Fall is my favorite season, but it’s also the one most likely to disrupt my progress. This fall, I’m going to work on dealing with those setbacks — forgiving myself for not being able to uphold the promises I made to myself, and modifying my goals to accommodate the snags. I may not get where I wanted to go as quickly as I had planned, but so long as I do eventually get there, what does it matter?

On letting go

(I still haven’t done the writing assignment from last week. And my sinus infection is hampering clear thought. So…bloggity blog blog.)

In my goals list is one of those maddeningly vague ones: Let it go. I had something specific in mind when I added it to my list, I’m sure. But that’s gone now. I can, of course, think of things I want to do that fit the goal. But what’s the point?

I don’t mean that in a teenage-angst sort of way. I mean, really, what is the point of letting go? The more I think about it, the more that I see it isn’t what I want to do. I don’t want to let things go; I want to let things in. It’s not that I want to strip my closet down to the bare minimum (though, admittedly, it is a fun exercise to boil my possessions down to only what I need — I enjoy it in much the same way I enjoy Twitter as a writing exercise); it’s that I want to use what’s in there. It’s not that I want to get rid of my old books; it’s that I want to make room for new books. It’s not that I want to cut people out of my life; it’s that I want to fill my life with good people so that there is no room left for the ones who, in some cases years after they left, continue to hurt me.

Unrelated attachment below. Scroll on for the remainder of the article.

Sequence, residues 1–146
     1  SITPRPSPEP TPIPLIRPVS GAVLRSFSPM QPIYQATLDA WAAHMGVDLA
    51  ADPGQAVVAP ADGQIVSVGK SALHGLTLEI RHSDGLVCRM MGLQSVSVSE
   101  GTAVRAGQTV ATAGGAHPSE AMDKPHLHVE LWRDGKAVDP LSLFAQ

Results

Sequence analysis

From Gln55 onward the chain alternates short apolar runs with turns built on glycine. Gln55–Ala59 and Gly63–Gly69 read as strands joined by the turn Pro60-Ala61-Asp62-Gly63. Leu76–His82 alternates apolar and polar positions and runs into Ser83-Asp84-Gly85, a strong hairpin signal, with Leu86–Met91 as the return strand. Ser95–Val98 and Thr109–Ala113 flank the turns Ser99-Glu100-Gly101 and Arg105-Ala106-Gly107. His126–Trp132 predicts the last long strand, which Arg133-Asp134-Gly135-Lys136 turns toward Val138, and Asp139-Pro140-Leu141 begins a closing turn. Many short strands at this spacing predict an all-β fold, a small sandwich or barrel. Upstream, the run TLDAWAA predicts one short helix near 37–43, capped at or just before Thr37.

I’m feeling pretty isolated as of late. And Facebook, which all too often is the sum total of my social interaction, has been irritating me. Again. Which typically puts me in a flush-it-chuck-it-nuke-it mindset.

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Please tell me someone remembers this movie.

I let go is because letting go is easier. It is easier to toss it, to walk away, to retreat into myself than to reach out. It’s why I have resigned myself to having very little in the way of social support, as opposed to putting myself on the line and maybe actually making a friend or two. Or, for a less deep example, it’s why I keep patching and wearing these stupid bras that don’t fit rather than subject myself to an actual bra store that sells something small enough to fit my child-sized ribs.